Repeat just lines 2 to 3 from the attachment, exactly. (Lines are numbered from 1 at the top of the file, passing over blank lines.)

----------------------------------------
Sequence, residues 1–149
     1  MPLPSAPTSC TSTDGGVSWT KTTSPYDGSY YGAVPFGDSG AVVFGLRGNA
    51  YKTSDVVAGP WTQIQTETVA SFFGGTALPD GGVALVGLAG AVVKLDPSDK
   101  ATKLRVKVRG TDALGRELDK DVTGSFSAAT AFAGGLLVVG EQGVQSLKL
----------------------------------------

     1  MPLPSAPTSC TSTDGGVSWT KTTSPYDGSY YGAVPFGDSG AVVFGLRGNA
    51  YKTSDVVAGP WTQIQTETVA SFFGGTALPD GGVALVGLAG AVVKLDPSDK